What is a Prolapsed Uterus?

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  • Written By: Lindsay Kahl
  • Edited By: A. Joseph
  • Last Modified Date: 15 May 2020
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Prolapsed uterus, or uterine prolapse, is when the uterus descends from its normal position down into the vaginal canal. Muscles and ligaments called the pelvic floor hold the uterus in place. When these connections become weakened, the uterus can fall.

If a woman is suffering from a prolapsed uterus, she might experience a sensation similar to sitting on a small object or a sensation of pulling in the pelvic region. Other symptoms include painful sexual intercourse, backache and vaginal discharge. A woman might also experience frequent urination or bladder infection. With mild uterine prolapse, a woman might not experience any symptoms. In severe cases, the uterus could actually protrude from the vagina.

A prolapsed uterus can be caused by vaginal childbirth, particularly numerous births. Other risk factors include repeated heavy lifting, obesity, chronic cough or other conditions that can weaken the pelvic floor. The pelvic muscles and ligaments can weaken more as a woman gets older, especially after menopause when a woman’s body produces less estrogen. Uterine fibroids or tumors also can increase the risk of a prolapsed uterus. Women with Northern European ancestry have the greatest risk.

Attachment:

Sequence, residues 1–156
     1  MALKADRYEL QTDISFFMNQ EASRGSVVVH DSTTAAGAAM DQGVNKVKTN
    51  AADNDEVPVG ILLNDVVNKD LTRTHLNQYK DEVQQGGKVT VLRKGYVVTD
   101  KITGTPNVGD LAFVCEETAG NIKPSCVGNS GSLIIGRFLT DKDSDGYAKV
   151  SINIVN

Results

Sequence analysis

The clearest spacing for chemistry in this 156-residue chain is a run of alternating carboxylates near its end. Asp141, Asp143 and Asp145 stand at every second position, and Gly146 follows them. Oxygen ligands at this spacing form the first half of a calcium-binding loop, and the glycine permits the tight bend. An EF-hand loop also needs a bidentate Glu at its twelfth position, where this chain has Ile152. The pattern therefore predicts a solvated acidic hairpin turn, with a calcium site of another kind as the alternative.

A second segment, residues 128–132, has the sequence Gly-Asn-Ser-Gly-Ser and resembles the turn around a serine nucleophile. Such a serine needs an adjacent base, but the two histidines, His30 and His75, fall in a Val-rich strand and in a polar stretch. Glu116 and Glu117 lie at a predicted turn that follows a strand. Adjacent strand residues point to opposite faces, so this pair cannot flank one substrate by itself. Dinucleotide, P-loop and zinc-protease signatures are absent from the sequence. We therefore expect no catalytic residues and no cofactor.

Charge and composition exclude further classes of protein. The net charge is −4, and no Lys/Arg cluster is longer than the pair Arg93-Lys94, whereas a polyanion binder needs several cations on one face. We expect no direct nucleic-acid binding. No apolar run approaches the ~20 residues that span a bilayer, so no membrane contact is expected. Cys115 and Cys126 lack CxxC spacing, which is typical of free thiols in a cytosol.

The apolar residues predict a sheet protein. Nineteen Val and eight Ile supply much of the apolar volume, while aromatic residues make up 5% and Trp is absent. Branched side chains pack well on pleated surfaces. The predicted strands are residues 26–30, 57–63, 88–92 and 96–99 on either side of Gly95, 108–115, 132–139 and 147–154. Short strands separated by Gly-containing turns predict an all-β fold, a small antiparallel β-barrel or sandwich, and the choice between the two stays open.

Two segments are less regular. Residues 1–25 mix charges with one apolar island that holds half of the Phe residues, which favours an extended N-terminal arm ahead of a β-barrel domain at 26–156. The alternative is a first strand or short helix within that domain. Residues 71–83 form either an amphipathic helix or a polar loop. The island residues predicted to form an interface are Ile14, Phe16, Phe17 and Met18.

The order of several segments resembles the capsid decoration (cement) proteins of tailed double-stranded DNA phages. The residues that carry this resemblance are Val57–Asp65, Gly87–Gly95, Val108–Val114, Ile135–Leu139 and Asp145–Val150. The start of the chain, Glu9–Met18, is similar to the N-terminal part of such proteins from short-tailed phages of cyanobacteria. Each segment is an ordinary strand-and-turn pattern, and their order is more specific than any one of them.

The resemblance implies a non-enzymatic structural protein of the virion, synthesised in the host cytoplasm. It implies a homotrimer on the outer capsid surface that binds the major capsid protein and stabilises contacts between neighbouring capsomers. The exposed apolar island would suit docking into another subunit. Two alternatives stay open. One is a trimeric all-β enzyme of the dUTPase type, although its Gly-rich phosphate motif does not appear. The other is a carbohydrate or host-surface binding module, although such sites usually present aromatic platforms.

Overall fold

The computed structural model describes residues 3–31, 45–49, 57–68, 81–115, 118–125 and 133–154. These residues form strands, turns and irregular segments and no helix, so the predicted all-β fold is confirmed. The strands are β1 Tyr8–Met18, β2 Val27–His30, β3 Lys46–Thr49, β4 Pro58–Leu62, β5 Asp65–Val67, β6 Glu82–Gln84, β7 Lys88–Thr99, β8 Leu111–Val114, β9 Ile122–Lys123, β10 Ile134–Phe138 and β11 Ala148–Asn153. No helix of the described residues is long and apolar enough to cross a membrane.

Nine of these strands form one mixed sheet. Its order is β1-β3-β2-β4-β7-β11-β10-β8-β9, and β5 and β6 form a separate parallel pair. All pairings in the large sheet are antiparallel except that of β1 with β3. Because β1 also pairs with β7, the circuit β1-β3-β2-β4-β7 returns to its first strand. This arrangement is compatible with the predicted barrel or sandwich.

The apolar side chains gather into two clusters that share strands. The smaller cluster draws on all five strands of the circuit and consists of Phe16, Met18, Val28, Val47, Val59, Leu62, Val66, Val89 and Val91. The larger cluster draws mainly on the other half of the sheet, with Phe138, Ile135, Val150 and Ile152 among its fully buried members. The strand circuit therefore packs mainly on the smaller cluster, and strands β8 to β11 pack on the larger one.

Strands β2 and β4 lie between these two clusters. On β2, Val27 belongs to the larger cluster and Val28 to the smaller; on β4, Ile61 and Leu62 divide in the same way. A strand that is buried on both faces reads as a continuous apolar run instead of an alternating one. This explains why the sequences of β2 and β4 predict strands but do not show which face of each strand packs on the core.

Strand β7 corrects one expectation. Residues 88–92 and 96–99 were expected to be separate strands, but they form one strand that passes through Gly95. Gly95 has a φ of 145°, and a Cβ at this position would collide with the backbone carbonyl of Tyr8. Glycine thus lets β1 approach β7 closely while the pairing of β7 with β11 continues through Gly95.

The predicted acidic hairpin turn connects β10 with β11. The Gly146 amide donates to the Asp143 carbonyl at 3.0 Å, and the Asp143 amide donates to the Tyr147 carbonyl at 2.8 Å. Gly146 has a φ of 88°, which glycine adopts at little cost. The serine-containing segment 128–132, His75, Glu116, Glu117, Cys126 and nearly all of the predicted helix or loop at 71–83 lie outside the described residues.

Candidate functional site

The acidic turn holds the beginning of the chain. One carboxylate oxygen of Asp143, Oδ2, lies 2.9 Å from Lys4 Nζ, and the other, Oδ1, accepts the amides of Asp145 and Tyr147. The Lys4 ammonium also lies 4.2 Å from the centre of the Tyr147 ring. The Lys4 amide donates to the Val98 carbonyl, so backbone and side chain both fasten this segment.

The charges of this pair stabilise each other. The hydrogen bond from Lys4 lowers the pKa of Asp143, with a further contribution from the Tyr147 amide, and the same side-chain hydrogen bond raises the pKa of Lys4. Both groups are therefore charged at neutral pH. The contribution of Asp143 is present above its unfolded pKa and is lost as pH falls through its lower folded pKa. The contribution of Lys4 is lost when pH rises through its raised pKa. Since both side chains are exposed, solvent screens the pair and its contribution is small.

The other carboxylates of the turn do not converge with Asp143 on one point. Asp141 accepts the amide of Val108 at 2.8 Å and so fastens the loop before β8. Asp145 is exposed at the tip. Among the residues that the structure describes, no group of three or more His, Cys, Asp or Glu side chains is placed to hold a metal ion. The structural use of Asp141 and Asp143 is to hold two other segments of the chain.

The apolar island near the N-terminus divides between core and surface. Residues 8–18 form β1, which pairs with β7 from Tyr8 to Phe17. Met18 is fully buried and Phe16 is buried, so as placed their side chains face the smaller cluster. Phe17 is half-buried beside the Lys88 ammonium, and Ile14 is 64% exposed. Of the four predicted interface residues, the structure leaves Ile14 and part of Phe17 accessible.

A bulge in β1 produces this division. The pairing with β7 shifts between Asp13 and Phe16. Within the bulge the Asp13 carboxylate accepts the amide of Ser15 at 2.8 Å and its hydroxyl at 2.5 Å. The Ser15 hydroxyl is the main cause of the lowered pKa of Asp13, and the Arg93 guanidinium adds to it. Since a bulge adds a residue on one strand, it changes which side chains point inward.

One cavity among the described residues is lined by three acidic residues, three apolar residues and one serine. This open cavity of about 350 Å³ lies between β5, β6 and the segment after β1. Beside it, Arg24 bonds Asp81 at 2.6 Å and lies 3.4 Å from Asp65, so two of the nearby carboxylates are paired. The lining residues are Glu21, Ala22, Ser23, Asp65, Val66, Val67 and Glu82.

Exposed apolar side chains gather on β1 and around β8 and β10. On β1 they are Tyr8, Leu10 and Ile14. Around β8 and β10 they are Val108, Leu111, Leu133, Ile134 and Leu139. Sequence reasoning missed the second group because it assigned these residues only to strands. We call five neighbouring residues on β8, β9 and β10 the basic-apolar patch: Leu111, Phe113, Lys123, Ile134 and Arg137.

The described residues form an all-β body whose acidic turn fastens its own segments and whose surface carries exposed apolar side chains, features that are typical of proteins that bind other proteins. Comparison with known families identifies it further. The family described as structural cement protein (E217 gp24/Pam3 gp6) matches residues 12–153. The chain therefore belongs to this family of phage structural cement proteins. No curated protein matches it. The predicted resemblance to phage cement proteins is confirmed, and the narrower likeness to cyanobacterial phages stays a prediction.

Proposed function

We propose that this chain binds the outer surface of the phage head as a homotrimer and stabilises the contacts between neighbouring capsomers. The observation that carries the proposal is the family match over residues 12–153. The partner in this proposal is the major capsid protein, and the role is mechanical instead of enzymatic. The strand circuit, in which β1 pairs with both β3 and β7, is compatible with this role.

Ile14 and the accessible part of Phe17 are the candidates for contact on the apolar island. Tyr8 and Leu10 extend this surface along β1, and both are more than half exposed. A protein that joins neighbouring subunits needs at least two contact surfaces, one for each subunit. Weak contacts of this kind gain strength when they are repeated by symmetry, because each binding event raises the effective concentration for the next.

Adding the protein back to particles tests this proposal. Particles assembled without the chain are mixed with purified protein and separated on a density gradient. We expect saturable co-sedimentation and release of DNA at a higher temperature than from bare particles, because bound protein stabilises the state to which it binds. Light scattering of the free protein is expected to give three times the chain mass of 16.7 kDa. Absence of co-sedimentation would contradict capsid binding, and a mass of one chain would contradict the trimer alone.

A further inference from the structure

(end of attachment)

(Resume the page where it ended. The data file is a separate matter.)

Uterine prolapse is diagnosed by pelvic examination. The physician will take a medical history and physically check for symptoms of a prolapsed uterus. In some cases, the doctor might recommend further tests, such as an ultrasound or magnetic resonance imaging (MRI) test.

For women with a mildly prolapsed uterus, treatment could be unnecessary. Treating contributing problems, such as chronic coughing or obesity, can help slow the progression. Kegel exercises to strengthen the pelvic floor also can help ameliorate symptoms.

One treatment option for more severe cases is use of a vaginal pessary. A vaginal pessary is a device that goes inside the vagina to help keep the uterus immobile. The device can be used as a temporary treatment, or it could be permanent. A vaginal pessary must be fitted by a physician. Some women experience irritation when using a pessary, and it is also necessary to frequently remove and clean the device.

For other women, surgery might be necessary to repair a prolapsed uterus. Surgery could involve a hysterectomy, a procedure during which the uterus is removed, or it could involve a tissue graft to strengthen the pelvic floor. If a woman plans to have additional children, surgery might not be the best choice of treatment, because the strain of pregnancy and childbirth can essentially negate the effects of surgery.

Women can take steps to try to prevent a prolapsed uterus, though it still could occur. A woman can decrease her risk by maintaining a healthy weight and treating chronic conditions that can contribute to uterine prolapse. Women also can use Kegel exercises to strengthen the muscles of the pelvic floor.

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